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Genetics. 1991 Jun;128(2):443-52.

Isolation by distance in a quantitative trait.

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  • 1Department of Ecology and Evolution, University of Chicago, Illinois 60637.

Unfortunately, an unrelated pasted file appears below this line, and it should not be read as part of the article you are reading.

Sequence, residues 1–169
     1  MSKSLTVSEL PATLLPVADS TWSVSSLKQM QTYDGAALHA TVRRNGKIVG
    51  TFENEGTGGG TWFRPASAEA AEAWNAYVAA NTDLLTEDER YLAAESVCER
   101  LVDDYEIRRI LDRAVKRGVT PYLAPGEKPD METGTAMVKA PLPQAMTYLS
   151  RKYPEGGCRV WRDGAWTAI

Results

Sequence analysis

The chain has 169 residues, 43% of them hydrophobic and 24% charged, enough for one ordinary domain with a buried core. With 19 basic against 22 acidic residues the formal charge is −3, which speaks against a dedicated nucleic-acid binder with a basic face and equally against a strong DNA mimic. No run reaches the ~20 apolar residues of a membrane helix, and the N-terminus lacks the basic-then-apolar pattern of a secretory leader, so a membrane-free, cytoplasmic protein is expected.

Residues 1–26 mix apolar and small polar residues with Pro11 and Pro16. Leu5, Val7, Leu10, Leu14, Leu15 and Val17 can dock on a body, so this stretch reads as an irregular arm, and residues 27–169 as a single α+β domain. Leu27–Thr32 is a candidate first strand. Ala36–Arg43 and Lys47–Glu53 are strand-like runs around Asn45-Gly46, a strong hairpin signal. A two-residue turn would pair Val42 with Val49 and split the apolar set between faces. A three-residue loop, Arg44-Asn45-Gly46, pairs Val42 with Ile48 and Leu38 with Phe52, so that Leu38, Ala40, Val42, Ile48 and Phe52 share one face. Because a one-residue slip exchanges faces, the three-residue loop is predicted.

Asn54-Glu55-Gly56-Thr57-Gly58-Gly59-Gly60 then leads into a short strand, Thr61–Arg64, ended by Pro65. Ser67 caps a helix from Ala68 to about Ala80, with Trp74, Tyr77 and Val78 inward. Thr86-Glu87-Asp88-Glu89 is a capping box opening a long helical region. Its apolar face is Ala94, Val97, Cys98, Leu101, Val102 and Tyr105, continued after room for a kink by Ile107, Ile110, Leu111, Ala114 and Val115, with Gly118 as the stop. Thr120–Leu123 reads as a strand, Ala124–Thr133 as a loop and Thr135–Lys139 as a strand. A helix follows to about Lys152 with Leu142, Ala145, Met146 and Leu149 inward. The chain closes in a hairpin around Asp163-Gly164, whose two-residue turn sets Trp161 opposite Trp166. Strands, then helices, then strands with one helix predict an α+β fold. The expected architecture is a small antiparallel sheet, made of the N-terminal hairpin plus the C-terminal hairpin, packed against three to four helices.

Random genetic drift in a quantitative character is modeled for a population with a continuous spatial distribution in an infinite habitat of one or two dimensions. The analysis extends Wright's concept of neighborhood size to spatially autocorrelated sampling variation in the expected phenotype at different locations. Weak stabilizing selection is assumed to operate toward the same optimum phenotype in every locality, and the distribution of dispersal distances from parent to offspring is a (radially) symmetric function. The equilibrium pattern of geographic variation in the expected local phenotype depends on the neighborhood size, the genetic variance within neighborhoods, and the strength of selection, but is nearly independent of the form of the dispersal function. With all else equal, geographic variance is smaller in a two-dimensional habitat than in one dimension, and the covariance between expected local phenotypes decreases more rapidly with the distance separating them in two dimensions than in one. The equilibrium geographic variance is less than the phenotypic variance within localities, unless the neighborhood size is small and selection is extremely weak, especially in two dimensions. Nevertheless, dispersal of geographic variance created by random genetic drift is an important mechanism maintaining genetic variance within local populations. For a Gaussian dispersal function it is shown that, even with a small neighborhood size, a population in a two-dimensional habitat can maintain within neighborhoods most of the genetic variance that would occur in an infinite panmictic population.

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